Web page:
Our findings here, when combined with our earlier findings (9, 25, 26), highlight a novel mechanism of action for RGS14 where it sits at the interface of both G protein and H-Ras signaling. One potential model to explain this mechanism is consistent with two cellular pools of RGS14·Gαi1 complexes, as has been postulated (25). In this model one pool of RGS14·Gαi1 complexes may be localized at the plasma membrane and functionally linked to GPCRs, as implied by the Gαi1-dependent BRET signal observed between RGS14 and the α2A-AR (Fig. 6; Ref. 25). This may involve direct coupling to a Gαi1·RGS14 complex or merely close proximity as BRET does not distinguish between these two scenarios. The other pool of RGS14·Gαi1 complexes may localize at the plasma membrane but not associate with GPCRs, allowing these complexes to bind other proteins such as activated H-Ras. This is supported by the decrease in Gαi1-dependent RGS14/α2A-AR BRET signals observed in the presence of untagged activated H-Ras (Fig. 6B). In the absence of overexpressed H-Ras(G/V), there may be an abundance of RGS14·Gαi1 complexes that couple with the GPCR. When H-Ras(G/V) is introduced into cells, some of these RGS14·Gαi1 complexes shift away from receptors and bind to activated H-Ras. We should note, however, that activated H-Ras only induces a modest decrease in the Gαi1-dependent RGS14/α2A-AR BRET signals, which suggests that binding of activated H-Ras to a putative GPCR·Gαi1·RGS14 complex may only induce conformational rearrangement. In this case, activated H-Ras would not compete for RGS14 binding.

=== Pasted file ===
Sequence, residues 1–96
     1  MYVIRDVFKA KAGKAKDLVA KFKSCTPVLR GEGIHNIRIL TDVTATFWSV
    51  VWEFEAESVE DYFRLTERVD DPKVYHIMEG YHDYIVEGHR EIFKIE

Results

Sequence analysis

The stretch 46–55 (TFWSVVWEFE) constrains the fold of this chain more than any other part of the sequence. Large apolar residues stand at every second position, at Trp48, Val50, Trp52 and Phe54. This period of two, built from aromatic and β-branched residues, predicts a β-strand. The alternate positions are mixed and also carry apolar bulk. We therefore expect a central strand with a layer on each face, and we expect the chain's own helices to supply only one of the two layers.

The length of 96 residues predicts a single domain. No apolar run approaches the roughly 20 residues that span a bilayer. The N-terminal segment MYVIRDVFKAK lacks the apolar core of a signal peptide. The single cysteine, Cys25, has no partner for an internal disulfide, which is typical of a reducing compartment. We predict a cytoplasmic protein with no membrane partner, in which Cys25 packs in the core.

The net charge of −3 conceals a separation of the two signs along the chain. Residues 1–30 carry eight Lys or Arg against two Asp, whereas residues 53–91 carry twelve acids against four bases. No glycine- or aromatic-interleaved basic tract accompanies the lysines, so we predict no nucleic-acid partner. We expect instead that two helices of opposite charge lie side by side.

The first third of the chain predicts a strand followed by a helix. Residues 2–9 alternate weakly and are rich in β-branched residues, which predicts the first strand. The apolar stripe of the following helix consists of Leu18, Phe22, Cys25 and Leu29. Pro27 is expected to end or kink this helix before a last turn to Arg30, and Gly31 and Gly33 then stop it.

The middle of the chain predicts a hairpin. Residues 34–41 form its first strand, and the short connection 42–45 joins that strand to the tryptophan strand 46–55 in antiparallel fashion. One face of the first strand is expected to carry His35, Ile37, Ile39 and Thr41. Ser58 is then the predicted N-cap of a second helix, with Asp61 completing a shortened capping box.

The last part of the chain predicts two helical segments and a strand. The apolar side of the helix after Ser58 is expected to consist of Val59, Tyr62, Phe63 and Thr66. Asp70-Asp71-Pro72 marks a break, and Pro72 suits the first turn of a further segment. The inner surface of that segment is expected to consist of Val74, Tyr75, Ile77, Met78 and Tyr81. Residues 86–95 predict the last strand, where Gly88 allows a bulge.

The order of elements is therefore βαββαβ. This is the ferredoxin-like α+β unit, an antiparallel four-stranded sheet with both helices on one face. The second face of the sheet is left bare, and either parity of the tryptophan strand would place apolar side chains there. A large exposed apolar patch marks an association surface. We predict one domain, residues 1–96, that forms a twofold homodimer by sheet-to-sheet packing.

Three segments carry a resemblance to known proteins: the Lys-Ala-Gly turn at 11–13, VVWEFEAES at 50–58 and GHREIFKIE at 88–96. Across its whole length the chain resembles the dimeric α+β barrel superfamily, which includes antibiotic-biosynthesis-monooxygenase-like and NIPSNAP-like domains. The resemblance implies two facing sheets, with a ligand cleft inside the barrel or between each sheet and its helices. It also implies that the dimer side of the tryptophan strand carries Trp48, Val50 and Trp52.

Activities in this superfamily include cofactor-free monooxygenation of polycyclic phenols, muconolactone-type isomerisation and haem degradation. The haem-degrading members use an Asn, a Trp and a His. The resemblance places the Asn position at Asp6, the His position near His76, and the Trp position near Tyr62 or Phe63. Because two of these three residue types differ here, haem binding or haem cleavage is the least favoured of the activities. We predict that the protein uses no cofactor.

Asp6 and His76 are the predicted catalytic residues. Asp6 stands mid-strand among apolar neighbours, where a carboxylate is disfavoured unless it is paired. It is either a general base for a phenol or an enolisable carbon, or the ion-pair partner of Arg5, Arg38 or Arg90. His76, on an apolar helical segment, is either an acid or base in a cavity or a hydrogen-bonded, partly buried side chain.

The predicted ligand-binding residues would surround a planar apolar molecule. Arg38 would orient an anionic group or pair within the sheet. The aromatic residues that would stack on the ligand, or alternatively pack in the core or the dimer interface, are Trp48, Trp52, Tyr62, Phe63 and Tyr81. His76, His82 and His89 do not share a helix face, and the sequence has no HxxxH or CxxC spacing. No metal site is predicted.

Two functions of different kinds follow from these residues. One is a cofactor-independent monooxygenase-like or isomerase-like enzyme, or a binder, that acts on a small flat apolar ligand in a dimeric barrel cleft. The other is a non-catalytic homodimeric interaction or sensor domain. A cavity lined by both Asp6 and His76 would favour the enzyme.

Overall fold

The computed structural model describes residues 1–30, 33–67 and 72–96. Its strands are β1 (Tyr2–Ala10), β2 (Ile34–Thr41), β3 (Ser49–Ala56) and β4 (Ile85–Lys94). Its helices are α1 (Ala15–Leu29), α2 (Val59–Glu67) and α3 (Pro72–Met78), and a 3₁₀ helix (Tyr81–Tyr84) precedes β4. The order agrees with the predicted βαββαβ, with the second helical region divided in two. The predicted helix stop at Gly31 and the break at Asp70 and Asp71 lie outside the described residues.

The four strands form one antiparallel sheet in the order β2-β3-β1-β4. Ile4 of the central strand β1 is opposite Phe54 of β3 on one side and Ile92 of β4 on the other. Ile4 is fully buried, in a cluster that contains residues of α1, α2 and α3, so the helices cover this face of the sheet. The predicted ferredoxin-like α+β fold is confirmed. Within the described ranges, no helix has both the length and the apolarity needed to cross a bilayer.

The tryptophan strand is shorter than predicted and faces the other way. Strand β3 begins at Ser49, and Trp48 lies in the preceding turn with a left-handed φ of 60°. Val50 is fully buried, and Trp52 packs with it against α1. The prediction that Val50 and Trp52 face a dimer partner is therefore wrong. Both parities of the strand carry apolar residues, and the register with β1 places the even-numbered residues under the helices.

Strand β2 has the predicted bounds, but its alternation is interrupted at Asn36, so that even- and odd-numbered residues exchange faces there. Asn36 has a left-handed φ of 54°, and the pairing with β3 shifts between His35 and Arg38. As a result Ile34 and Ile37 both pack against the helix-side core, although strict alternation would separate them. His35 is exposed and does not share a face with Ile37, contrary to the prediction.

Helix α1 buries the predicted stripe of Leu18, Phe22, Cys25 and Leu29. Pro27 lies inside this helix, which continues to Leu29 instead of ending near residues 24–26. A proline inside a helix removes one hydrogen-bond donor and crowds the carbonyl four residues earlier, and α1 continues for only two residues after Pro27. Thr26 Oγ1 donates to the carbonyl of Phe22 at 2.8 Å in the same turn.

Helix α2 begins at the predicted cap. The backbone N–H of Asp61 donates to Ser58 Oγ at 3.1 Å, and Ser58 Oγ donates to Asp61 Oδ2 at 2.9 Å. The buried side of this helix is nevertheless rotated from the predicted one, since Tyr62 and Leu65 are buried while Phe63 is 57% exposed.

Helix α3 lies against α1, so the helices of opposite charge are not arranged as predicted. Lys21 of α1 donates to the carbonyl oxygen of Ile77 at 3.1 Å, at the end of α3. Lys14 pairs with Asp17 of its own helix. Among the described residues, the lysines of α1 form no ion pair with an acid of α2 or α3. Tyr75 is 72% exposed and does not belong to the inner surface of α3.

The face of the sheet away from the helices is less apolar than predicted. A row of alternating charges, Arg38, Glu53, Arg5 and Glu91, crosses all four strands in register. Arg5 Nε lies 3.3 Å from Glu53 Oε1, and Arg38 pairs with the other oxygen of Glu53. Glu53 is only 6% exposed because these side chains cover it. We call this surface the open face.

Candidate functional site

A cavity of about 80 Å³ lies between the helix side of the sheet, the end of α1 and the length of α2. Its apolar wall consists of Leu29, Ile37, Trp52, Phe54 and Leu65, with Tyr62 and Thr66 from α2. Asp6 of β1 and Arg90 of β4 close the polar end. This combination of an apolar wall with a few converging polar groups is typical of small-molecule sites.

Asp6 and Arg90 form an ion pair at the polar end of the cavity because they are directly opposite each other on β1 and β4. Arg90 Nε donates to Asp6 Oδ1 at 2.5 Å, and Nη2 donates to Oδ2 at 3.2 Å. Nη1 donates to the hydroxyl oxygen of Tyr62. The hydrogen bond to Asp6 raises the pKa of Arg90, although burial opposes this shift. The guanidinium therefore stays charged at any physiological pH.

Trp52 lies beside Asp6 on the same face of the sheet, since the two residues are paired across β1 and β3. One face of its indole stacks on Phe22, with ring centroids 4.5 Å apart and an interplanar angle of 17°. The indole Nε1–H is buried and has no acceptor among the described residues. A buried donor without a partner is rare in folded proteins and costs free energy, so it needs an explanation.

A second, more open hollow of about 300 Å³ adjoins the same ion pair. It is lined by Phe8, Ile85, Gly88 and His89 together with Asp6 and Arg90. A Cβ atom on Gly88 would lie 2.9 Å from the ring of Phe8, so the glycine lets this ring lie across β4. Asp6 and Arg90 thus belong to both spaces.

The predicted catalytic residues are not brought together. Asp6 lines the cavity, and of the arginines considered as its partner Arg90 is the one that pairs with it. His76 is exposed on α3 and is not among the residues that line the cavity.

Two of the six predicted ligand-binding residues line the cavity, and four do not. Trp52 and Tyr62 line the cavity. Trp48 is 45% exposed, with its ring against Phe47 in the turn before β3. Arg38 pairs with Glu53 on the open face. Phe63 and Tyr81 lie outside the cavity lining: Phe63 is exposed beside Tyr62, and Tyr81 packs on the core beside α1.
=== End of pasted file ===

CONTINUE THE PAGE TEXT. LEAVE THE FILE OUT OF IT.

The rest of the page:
An attractive alternative model that is supported by the data presented here suggests that a preformed GPCR·Gαi1·RGS14 complex can be regulated by activated H-Ras (see Fig. 9). Gαi1 is bound to both the GPCR and RGS14, thereby bringing RGS14 in close proximity but not necessarily in direct contact with the receptor. In this model stimulation of a Ras-GEF promotes activation of H-Ras, which then localizes to the plasma membrane adjacent to the RGS14·Gαi1 complex (Fig. 9; steps 1 and 2). Activation of H-Ras presents a high affinity substrate for the preformed RGS14·Gαi1 complex, allowing RGS14 to bind H-Ras-GTP very tightly via its first RBD (Fig. 9; steps 2 and 3). Activation of the coupled GPCR induces a conformational change in RGS14 (see Fig. 6A), which alters the proximity of RGS14 with both the GPCR and activated H-Ras (Fig. 9; step 4). Because the non-receptor GEF Ric-8A has been shown to induce dissociation of the RGS14·Gαi1 complex (24, 25), we propose that GPCR·Gαi·RGS14 complex rearrangement after GPCR stimulation may allow such a non-receptor GEF to act on the available Gαi (Fig. 9; step 5). In this case the GEF catalyzes nucleotide exchange to activate Gαi1. The RGS domain of RGS14, being in close proximity, may then recognize and act as a GTPase-accelerating protein toward the activated Gαi1 to restore Gαi1-GDP (Fig. 9; step 6). The GPR motif would then rebind the now inactive Gαi to reform a GPCR·Gαi1·RGS14 complex (Fig. 9; step 1). The workings of this model may take place within hippocampal neurons, with RGS14 serving to localize H-Ras to the correct place in the cell for interaction with an effector that promotes neurite outgrowth (Fig. 8) or dendrite/spine remodeling associated with synaptic plasticity (54). Taken together, this model highlights a potential mechanism for RGS14 involvement in GPCR cross-talk with H-Ras-mediated signaling.